Of course, not all citizenships are equal. On my U.S. passport, or “multipass” as my friends call it, I can – for the most part – travel the world freely and not have to worry about visas. I can choose to fly to Paris or to Cairo or to Bahrain and leave on the same day. On my Lebanese passport, I have to apply for a visa to all of these countries, and I may or may not receive it. This hierarchy of nationalities also permeates one’s sense of security and vulnerability. In 2006, the U.S. Embassy called my nuclear family and pleaded with us to “safely” leave our families and loved ones, who “only” have a Lebanese passport, behind and exposed to the Israeli war machine. Of course, we already know that being a citizen of the “First World” effectively means that your life is weighted differently than that of a Third World citizen. We need only flip through mainstream media coverage of occupied Iraq and Palestine, or terrorist attacks in Pakistan and Norway to see evidence of this. But there there are also institutionalized inequalities and exclusions between citizens of the same country. In fact, there is no universal subject that is the “citizen.” A citizen is always marked. There is a plurality of legal subject positions that citizens of one state are differentially produced through. Not all citizens are constituted as equal before the law, and not all citizens have the same rights and duties. For example, in the contemporary United States, gay citizens cannot give U.S. citizenship to their spouses or benefit from the myriad federal social services and tax benefits that married heterosexuals can benefit from. They are U.S. citizens, but they are constituted as less [legally] equal than their heterosexual counterparts. In fact, these legal exclusions are what constitute the difference between heterosexual and homosexual citizenship in the United States today. Increasingly, as the debate over federally recognized same sex marriage heats up, the fact that a citizen can legally marry and others cannot is becoming a constitutive aspect of heterosexual citizenship.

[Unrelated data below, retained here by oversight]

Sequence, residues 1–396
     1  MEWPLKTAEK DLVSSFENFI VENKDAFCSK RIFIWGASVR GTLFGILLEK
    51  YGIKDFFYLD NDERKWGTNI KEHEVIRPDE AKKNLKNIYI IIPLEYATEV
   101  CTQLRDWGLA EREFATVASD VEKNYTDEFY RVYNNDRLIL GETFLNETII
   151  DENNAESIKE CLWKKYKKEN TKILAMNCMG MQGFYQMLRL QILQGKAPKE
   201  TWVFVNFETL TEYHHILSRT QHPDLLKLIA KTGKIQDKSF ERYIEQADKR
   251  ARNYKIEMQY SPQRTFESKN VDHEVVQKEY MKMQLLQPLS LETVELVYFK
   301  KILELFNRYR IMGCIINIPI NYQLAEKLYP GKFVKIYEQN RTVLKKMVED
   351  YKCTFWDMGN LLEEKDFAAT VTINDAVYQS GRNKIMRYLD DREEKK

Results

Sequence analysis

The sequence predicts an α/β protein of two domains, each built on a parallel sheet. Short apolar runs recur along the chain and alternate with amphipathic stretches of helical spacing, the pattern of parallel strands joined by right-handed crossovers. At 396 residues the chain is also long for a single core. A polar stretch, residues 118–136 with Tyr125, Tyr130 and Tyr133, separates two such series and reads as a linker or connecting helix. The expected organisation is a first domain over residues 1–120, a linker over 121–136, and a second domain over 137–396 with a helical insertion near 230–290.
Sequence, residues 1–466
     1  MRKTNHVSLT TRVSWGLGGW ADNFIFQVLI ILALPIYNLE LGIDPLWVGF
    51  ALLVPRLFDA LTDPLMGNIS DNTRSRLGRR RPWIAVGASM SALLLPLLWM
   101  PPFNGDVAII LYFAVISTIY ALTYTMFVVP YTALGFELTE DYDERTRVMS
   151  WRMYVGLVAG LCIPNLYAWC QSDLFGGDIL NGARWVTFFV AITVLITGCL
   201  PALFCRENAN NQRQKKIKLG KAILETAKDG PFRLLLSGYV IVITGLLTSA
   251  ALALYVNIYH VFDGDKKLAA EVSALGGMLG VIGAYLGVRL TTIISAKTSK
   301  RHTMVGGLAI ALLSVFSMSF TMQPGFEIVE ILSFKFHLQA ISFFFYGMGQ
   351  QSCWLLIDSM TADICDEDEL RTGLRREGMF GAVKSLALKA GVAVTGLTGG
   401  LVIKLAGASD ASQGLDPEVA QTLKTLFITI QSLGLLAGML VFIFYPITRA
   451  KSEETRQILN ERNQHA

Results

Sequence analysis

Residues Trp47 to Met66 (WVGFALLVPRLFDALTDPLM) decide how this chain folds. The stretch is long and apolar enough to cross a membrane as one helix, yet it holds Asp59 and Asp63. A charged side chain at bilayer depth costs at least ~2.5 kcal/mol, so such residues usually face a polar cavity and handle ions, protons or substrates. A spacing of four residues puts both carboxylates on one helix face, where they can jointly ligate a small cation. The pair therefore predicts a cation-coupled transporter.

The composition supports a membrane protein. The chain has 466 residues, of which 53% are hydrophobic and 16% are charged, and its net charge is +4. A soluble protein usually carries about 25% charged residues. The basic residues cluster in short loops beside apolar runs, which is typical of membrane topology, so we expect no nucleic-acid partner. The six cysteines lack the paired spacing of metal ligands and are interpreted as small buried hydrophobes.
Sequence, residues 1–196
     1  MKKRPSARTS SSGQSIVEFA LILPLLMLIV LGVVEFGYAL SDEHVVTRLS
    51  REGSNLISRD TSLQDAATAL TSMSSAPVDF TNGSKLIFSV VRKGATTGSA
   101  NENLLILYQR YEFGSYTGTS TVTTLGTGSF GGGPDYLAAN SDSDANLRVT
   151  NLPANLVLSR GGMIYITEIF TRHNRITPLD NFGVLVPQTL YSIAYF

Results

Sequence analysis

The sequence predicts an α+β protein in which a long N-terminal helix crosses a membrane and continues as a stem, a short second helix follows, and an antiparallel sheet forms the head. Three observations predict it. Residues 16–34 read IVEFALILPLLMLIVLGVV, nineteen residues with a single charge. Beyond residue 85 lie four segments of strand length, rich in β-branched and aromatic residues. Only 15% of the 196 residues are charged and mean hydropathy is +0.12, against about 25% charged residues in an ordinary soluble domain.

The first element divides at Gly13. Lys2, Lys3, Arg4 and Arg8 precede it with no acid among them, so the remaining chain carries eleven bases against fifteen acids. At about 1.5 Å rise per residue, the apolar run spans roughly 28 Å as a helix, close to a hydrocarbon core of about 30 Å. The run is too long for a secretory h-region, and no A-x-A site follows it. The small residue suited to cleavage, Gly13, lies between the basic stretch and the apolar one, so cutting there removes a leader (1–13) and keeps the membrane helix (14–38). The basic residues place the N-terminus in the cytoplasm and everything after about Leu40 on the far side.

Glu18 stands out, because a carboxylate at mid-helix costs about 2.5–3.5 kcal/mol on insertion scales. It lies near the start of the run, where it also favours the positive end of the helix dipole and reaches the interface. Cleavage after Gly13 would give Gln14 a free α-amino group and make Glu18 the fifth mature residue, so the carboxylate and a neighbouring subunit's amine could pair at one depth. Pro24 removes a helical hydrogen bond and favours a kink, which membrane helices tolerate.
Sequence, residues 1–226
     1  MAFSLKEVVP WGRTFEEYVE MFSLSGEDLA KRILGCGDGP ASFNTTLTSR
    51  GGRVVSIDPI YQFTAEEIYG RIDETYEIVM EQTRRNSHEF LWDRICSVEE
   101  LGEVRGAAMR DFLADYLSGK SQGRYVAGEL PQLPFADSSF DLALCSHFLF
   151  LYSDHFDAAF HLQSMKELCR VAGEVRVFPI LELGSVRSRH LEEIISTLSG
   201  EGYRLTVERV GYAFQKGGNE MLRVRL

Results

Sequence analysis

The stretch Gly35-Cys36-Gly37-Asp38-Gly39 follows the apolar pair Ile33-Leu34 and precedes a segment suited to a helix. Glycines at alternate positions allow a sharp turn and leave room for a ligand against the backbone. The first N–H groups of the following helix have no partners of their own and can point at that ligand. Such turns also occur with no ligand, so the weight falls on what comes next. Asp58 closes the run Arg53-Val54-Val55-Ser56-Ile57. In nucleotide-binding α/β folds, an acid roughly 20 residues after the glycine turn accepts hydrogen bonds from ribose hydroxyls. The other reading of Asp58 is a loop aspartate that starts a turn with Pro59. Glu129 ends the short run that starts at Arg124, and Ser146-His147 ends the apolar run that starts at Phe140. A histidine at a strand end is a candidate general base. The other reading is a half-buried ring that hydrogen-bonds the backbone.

In Lebanon, the legal discriminations between citizens are much more extreme. It has become common knowledge that in Lebanon citizens are legally differentiated according to sect and that, for example, a Maronite cannot become Prime Minister, a Shi’ite cannot become President of the Republic, and a Sunni cannot be Head of the Army. It is also well known that a Greek Orthodox, Druze, or a member of one of the other eleven officially recognized Lebanese sects has no chance of occupying any of the top posts within the Lebanese “troika” system. Still, despite the fact that on the surface, Lebanese citizenship seems to be differentiated along the axis of sect, I would suggest that in fact the most stubborn legal discrimination in Lebanon is between male and female citizens. Why am I insisting on the phrase “legal discrimination” as opposed to simply “discrimination?” Because there is a difference between the ways that law operates, as opposed to other technologies of power (such as class and race and gender privilege). For example, a gay U.S. citizen can saturate himself in the most gay-friendly social, economic, and political environment imaginable, but even that privileged, rich, white, and attractive gay man cannot give U.S .citizenship to his foreign boyfriend, a right that straight Americans from all classes, races, and political groups take for granted. Similarly, a Lebanese woman can insist on having only feminist friends, only spending money at feminist businesses, and only voting for feminist candidates, but even this woman, who could be rich, successful, and powerful, cannot prosecute her husband for raping her. This is because, according to the civil law that criminalizes rape in Lebanon, marital rape is legally unintelligible and thus, un-prosecutable. Such legal discriminations are immovable except through (other) acts of law.